I’ve always known I was adopted. My mum and dad never kept that from me, and because of that I never felt different from any of the other kids.
My dad died in 1985 and it hit me very hard. But not as hard as my mum. She rallied and became a very strong and independent lady. She was slightly disabled after having polio as a young woman, then from breaking her leg very badly, twice, in successive years. The breaks in her leg were roughly in the same place and were accrued while doing the same task! She never complained.
I moved away but never for one nanosecond forgot them. We spoke on the phone almost every day. Whenever I was in town or near their home, I dropped in! We also did all the usual family things like honor birthdays, celebrate Christmas, etc. Well why not? We were a family.
After my dad died, I used to go to see Mum every week and do some shopping. Then I’d stay over and sit with her for the evening. One particular evening we were watching TV and for no apparent reason she turned to me and said, “I think you should try and find your Mother.” As you can imagine, I was quite stunned! But we talked about it and that’s where my search began!
I had no idea where to start, but my mum did tell me the name of my birth mother.
I was born James Michael Edis! She also put me in touch with an organization called NORCAP, who help adoptees trace their birth mothers. Because of my age, I had to go for counseling to make certain I knew what I was doing and to prepare for the possibility of rejection. This allowed me to apply for my original birth certificate. Because I knew my name at birth and my birth date I was able to find my birth record very easily. This saved me months of searching, thanks to Mum!
Of course, this record gave me the name and birth date of my birth mother. My mum had also told me that my adoption had been arranged through Buckinghamshire County Council. I contacted them and they arranged to have all the documents relating to my adoption available. I copied everything!
From there I followed the guidance of NORCAP and went through hundreds and hundreds of marriage records looking for a marriage of my mother -– JEAN EDIS. I found three marriages of a Jean Edis, all with the same birthday! The council records told me that Jean was a nurse and was stationed at RAF Brize Norton in Oxfordshire. One of the marriages I found was Jean Edis to Robert Mathis, an American army man.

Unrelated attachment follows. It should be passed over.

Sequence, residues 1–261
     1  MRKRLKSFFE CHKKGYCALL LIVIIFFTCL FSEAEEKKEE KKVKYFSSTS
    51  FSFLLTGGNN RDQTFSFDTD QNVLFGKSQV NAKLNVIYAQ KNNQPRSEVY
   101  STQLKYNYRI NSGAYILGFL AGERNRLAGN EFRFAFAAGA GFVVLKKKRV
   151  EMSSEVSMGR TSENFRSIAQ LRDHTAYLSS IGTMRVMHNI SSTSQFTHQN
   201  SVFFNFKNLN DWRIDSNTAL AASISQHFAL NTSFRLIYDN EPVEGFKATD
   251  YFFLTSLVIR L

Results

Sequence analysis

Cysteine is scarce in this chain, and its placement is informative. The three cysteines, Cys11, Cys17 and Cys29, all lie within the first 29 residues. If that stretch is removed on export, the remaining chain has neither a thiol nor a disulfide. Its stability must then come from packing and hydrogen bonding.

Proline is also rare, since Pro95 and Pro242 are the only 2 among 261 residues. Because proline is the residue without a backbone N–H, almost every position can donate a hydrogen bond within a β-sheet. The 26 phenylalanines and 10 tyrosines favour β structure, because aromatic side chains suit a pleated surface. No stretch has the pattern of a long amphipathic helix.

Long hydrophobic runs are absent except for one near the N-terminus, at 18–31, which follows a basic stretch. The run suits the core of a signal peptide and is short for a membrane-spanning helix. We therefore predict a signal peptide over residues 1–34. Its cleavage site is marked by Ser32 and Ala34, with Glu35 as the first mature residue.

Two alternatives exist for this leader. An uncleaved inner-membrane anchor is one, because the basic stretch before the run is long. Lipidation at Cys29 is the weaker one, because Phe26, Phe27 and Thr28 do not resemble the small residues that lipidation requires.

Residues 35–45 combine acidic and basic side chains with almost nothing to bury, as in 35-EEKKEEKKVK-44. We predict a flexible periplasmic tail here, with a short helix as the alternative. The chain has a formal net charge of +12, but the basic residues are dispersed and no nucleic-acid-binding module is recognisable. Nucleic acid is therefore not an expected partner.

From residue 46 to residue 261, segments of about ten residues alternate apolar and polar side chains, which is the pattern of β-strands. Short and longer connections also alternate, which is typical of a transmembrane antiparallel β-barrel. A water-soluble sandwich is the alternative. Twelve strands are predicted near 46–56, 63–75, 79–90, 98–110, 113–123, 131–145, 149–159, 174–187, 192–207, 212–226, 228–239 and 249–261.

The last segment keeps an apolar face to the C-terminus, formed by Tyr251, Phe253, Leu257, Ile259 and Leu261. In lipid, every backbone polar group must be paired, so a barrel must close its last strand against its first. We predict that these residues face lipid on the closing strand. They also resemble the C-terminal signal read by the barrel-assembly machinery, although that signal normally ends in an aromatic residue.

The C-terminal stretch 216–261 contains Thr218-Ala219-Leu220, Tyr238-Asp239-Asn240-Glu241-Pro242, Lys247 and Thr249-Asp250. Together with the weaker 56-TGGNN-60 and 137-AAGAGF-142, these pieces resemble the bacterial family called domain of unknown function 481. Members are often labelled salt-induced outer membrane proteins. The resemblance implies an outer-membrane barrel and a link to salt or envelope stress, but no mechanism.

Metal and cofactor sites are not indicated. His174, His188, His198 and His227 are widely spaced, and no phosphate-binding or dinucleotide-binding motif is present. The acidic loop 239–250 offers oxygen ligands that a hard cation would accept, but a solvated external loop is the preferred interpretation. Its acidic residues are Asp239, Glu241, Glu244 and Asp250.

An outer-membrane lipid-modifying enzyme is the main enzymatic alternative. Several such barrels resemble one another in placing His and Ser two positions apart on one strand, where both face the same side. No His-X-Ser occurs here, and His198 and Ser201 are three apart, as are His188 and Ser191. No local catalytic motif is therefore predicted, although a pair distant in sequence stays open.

The records also gave me the name of my birth father, who was also in the RAF.
After searching through thousands of records in Oxford library and seemingly getting nowhere, I returned to the marriage of Jean to Robert Mathis. Working on the assumption that my birth father was in uniform, my birth mother was a nurse, and that Robert Mathis was also in uniform, I ran with this and contacted the Veterans Department in Philadelphia.
My mum died in 1993. It was a hard time for me but my best friend got me through it. My search was put on hold for a year.
I wrote to the Veterans Department again and told them what I was doing. To my amazement they replied with a letter stating:
If you wish to contact Mr. Mathis, please write a short letter containing no form of contact whatsoever. Put it in an unmarked envelope and if it meets all our criteria, we will forward it.
The feeling I had when I read that letter was unbelievable. But it could still end in disappointment.
I sent the letter and waited.
OnFebruary 13th, 1995, I had a first date with the lady who is now the love of my life and my wife. The second date was on Friday,February 17th. We went out again and on return I checked my telephone answering machine and heard the following:
Michael, my name is Pat Mathis. My mother is Jean Edis. My number is ……….. Please give me a call.
I seem to remember my knees giving way! We played the message over and over again. I contacted my friend at NORCAP and she told me to take a deep breath! Then she gave me a series of “control” questions in order to make sure this was the right contact.
OnFebruary 19th, at 6pm (to allow for time difference), I called the number left for me by Pat Mathis.
I won’t go into the conversation but I couldn’t get a word in, let alone ask my “control”questions! So I interrupted and asked Pat if her mother’s birthday was …….. It all went quiet and I thought I had ruined everything.
Pat came back on the line and told me she was my half sister! I know now that during the pause she had turned to her dad and said, “This guys says he’s my brother.” Her dad, Robert Mathis, said, “YES, HE IS!”
And I guess the rest is history.
Unfortunately, I never got to meet Jean. She died in 1993. I’ve always considered that losing two mothers in the same year was very careless!
In September 1995, we flew to Houston to meet my sister! I also got to meet one of my brothers who flew in from Los Angeles. I have another brother in Philadelphia. We all had another brother who sadly died in 2000 from cancer. I did get to meet him in January of that year.
From being an only child in England, I now have brothers, a sister, nephews and nieces, and now a great-nephew and great-niece. We are in regular contact and I have been over many times.
The highlight, however, was in 2000 when my lady (Lyndy) and I got married and my sister flew to England for the wedding.